. The upper curve is the ionized state, with its minimum energy further to the right since the bond length in the ion is greater. The adiabatic ionization is the diagonal transition to the vibrational ground state of the ion. Vertical ionization involves vibrational excitation of the ionic state and therefore requires greater energy.

See also

  • Bragg-Gray Cavity Theory
    Bragg-Gray Cavity Theory
    According to the Bragg–Gray cavity theory, the ionization produced within a gas-filled cavity inside a medium is related to the energy absorbed in that surrounding medium....

  • Electronegativity
    Electronegativity, symbol χ , is a chemical property that describes the tendency of an atom or a functional group to attract electrons towards itself. An atom's electronegativity is affected by both its atomic number and the distance that its valence electrons reside from the charged nucleus...

  • Ionization
    Ionization is the process of converting an atom or molecule into an ion by adding or removing charged particles such as electrons or other ions. This is often confused with dissociation. A substance may dissociate without necessarily producing ions. As an example, the molecules of table sugar...

  • The work function
    Work function
    In solid-state physics, the work function is the minimum energy needed to remove an electron from a solid to a point immediately outside the solid surface...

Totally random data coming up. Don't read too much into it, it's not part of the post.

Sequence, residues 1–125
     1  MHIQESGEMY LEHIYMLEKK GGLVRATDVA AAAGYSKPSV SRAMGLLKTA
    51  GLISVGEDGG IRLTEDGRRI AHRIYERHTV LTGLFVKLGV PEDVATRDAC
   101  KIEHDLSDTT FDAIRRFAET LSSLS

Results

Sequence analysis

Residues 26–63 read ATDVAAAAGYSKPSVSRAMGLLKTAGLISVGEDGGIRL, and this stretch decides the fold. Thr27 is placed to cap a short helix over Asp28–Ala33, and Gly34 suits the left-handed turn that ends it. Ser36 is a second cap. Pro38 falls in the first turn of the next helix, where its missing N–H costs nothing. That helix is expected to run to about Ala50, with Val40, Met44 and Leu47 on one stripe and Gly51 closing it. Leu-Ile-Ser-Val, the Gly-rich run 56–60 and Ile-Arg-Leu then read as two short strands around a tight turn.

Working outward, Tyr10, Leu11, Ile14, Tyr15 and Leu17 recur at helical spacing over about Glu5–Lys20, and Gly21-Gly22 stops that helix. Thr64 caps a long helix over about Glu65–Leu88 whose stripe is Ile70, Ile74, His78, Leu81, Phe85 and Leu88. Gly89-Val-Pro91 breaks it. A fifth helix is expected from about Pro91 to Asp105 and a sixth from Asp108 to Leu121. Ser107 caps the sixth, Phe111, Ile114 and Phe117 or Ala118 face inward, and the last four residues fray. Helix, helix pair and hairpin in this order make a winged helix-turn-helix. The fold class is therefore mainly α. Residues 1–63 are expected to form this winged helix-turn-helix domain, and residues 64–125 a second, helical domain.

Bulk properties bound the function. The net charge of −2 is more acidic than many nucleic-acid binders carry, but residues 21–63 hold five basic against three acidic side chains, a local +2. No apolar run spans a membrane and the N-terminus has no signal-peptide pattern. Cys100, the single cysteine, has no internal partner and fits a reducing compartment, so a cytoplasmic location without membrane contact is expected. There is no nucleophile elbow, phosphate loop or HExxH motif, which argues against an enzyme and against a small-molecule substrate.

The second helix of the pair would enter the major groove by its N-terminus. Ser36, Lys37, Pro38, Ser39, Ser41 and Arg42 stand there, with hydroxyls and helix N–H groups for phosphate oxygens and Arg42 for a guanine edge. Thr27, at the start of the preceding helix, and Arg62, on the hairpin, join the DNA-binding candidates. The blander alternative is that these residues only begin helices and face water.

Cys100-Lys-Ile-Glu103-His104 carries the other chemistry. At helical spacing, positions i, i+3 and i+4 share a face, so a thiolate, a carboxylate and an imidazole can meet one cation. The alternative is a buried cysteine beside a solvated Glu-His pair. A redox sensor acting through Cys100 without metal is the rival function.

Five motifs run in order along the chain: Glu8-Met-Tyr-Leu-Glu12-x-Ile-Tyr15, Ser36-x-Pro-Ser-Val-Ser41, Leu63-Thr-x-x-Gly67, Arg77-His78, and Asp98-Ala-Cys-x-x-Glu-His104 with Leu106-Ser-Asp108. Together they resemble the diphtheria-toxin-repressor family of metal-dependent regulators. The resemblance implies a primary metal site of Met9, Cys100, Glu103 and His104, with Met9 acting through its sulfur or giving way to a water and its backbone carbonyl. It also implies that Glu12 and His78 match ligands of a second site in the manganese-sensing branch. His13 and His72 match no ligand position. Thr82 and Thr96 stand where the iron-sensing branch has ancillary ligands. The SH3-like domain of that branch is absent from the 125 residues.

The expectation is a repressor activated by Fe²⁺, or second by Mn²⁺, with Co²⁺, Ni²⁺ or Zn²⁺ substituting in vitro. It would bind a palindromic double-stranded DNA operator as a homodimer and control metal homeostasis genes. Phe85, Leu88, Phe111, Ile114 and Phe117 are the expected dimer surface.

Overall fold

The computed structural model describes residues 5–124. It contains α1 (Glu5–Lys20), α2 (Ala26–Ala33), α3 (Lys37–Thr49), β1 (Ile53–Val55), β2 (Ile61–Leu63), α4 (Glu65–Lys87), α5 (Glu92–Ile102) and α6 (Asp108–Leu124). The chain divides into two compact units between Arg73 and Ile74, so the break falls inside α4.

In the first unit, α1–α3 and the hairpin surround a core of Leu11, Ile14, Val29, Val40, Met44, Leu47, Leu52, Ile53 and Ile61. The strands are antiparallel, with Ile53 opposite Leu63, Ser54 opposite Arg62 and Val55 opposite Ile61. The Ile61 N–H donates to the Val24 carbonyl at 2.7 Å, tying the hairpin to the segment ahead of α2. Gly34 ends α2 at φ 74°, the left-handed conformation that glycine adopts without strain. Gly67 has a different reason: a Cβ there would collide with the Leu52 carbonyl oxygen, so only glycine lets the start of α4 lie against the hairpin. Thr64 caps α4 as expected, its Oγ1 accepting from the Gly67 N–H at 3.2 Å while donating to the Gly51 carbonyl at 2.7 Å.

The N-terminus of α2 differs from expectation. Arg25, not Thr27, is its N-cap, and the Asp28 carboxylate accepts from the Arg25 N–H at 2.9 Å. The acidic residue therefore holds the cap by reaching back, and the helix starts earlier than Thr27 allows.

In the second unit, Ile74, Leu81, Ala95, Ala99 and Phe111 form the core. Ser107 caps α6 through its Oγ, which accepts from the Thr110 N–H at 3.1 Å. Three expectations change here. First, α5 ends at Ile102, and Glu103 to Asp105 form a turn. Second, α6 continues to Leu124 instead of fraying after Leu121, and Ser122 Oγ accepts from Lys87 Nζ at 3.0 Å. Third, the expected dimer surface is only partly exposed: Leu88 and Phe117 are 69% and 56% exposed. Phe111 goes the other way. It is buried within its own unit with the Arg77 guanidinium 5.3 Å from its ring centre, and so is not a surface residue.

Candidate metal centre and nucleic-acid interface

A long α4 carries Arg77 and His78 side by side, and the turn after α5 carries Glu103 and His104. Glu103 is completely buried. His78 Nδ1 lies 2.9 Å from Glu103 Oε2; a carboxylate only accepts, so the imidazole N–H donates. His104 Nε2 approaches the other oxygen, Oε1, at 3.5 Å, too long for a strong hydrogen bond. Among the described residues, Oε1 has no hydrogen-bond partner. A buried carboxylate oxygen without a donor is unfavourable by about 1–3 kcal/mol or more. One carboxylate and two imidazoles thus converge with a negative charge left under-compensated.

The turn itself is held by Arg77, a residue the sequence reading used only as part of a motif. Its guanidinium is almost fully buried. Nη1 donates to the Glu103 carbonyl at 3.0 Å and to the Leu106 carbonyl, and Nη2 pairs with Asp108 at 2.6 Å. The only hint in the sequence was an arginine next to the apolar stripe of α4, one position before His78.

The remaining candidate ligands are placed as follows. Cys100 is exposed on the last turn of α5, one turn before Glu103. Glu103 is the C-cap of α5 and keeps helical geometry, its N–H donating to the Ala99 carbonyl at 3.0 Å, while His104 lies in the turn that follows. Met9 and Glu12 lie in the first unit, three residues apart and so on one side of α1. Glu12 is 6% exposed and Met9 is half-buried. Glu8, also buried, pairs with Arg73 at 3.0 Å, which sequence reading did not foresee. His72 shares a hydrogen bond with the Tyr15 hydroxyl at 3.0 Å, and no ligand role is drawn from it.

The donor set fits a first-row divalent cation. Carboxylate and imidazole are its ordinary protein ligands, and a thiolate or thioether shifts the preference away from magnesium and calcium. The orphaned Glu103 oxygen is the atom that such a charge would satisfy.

is the energy required to strip an electron from a solid
    Solid is one of the three classical states of matter . It is characterized by structural rigidity and resistance to changes of shape or volume. Unlike a liquid, a solid object does not flow to take on the shape of its container, nor does it expand to fill the entire volume available to it like a...

  • Ion
    An ion is an atom or molecule in which the total number of electrons is not equal to the total number of protons, giving it a net positive or negative electrical charge. The name was given by physicist Michael Faraday for the substances that allow a current to pass between electrodes in a...

  • Koopmans' theorem
    Koopmans' theorem
    Koopmans' theorem states that in closed-shell Hartree-Fock theory, the first ionization energy of a molecular system is equal to the negative of the orbital energy of the highest occupied molecular orbital...

  • Di-tungsten tetra(hpp)
    Di-tungsten tetra(hpp)
    Di-tungsten tetra is the name of the coordination compound with the formula W24. This material consists of a pair of tungsten centers linked by the conjugate base of four hexahydropyrimidopyrimidine ligands...

     has the lowest recorded ionization energy for a stable chemical compound
    Chemical compound
    A chemical compound is a pure chemical substance consisting of two or more different chemical elements that can be separated into simpler substances by chemical reactions. Chemical compounds have a unique and defined chemical structure; they consist of a fixed ratio of atoms that are held together...

  • Electron affinity
    Electron affinity
    The Electron affinity of an atom or molecule is defined as the amount of energy released when an electron is added to a neutral atom or molecule to form a negative ion....

  • Debye length
    Debye length
    In plasma physics, the Debye length , named after the Dutch physicist and physical chemist Peter Debye, is the scale over which mobile charge carriers screen out electric fields in plasmas and other conductors. In other words, the Debye length is the distance over which significant charge...